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New evidence of salary discrimination in major league baseball

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  • Holmes, Paul

Abstract

Salary discrimination in MLB has largely been discarded as a research topic. However traditional quantitative methods (particularly least squares regression) have concentrated on the effect of race for the average player. If only a particular salary class of players are subject to discrimination, or if the size of the discrimination is small at the average, then least-squares techniques will struggle to identify discrimination. I use quantile regression to uncover salary discrimination against black players in the lower half of the salary distribution. Not only are the premia for white and Hispanic players statistically significant, but they are large: up to 25% of salary for the bottom quintile of players.

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Bibliographic Info

Article provided by Elsevier in its journal Labour Economics.

Volume (Year): 18 (2011)
Issue (Month): 3 (June)
Pages: 320-331

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Handle: RePEc:eee:labeco:v:18:y:2011:i:3:p:320-331

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Web page: http://www.elsevier.com/locate/labeco

Related research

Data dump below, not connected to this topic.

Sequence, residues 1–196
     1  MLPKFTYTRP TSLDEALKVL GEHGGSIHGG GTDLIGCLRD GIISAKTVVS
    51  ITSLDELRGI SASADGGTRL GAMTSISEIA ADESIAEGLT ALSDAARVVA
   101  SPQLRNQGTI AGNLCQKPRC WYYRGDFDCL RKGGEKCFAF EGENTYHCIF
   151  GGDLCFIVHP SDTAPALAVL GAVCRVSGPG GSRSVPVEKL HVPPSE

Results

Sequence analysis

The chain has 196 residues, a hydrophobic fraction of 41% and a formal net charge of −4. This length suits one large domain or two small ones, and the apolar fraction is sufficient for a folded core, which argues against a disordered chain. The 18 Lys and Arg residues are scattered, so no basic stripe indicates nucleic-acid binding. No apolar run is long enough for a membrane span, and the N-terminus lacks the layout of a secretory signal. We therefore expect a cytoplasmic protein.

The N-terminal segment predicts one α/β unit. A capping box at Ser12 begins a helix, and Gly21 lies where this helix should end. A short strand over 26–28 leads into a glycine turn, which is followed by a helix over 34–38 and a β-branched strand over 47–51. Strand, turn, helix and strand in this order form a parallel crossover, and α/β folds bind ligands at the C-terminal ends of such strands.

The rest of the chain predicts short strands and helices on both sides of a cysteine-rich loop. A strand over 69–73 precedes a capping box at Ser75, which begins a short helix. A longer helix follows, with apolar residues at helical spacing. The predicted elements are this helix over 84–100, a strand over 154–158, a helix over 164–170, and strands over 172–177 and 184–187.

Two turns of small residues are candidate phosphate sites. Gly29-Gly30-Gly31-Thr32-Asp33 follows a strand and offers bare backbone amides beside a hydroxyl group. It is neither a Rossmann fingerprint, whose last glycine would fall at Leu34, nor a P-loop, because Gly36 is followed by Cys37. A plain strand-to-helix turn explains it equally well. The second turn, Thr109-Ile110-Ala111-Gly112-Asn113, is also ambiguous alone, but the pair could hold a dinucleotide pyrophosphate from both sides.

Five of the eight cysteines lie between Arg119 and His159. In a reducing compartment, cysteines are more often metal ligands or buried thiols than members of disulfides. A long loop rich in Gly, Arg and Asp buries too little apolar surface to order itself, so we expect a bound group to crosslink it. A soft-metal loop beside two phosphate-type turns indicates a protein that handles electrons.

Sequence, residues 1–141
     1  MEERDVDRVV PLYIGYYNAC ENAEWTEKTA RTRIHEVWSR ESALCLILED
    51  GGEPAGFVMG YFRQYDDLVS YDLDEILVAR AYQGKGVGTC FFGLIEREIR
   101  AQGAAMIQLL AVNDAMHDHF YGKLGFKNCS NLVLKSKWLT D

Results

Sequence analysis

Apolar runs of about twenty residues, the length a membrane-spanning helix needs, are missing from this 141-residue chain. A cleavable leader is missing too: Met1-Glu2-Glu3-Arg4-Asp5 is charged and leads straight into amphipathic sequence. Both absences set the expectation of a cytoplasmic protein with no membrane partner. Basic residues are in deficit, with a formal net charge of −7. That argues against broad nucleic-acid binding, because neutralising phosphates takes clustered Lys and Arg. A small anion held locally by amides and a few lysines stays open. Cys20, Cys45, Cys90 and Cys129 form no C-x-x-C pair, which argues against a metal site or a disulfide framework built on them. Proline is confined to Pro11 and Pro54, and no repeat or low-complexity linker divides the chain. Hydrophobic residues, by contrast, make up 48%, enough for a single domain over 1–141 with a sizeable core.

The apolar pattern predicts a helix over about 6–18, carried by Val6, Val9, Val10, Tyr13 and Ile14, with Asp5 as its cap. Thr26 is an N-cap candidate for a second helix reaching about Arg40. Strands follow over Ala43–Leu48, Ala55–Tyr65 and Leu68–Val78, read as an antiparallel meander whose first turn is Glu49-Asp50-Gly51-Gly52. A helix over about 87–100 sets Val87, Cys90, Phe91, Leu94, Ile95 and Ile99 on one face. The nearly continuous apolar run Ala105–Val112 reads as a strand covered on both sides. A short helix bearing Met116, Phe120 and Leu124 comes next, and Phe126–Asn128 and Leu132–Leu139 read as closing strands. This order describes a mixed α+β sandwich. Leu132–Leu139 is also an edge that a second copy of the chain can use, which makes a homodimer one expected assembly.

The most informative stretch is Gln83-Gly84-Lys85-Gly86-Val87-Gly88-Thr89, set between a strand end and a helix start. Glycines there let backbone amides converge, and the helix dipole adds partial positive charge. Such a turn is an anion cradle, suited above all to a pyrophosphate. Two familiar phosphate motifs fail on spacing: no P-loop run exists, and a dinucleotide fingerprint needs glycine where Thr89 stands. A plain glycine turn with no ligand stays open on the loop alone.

Keywords: Salary discrimination Baseball MLB Quantile regression;

References

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Cited by:
  1. Ruxanda Berlinschi & Jeroen Schokkaert & Johan F.M. Swinnen, 2010. "When Drains and Gains Coincide: Migration and International Football Performance," LICOS Discussion Papers 26510, LICOS - Centre for Institutions and Economic Performance, KU Leuven.
  2. Joshua Pitts & Daniel Yost, 2013. "Racial Position Segregation in Intercollegiate Football: Do Players become more Racially Segregated as they Transition from High School to College?," The Review of Black Political Economy, Springer, vol. 40(2), pages 207-230, June.
  3. Johnny Ducking & Peter A. Groothuis & James Richard Hill, 2013. "Exit Discrimination in the NFL: A Duration Analysis of Career Length," Working Papers 13-10, Department of Economics, Appalachian State University.

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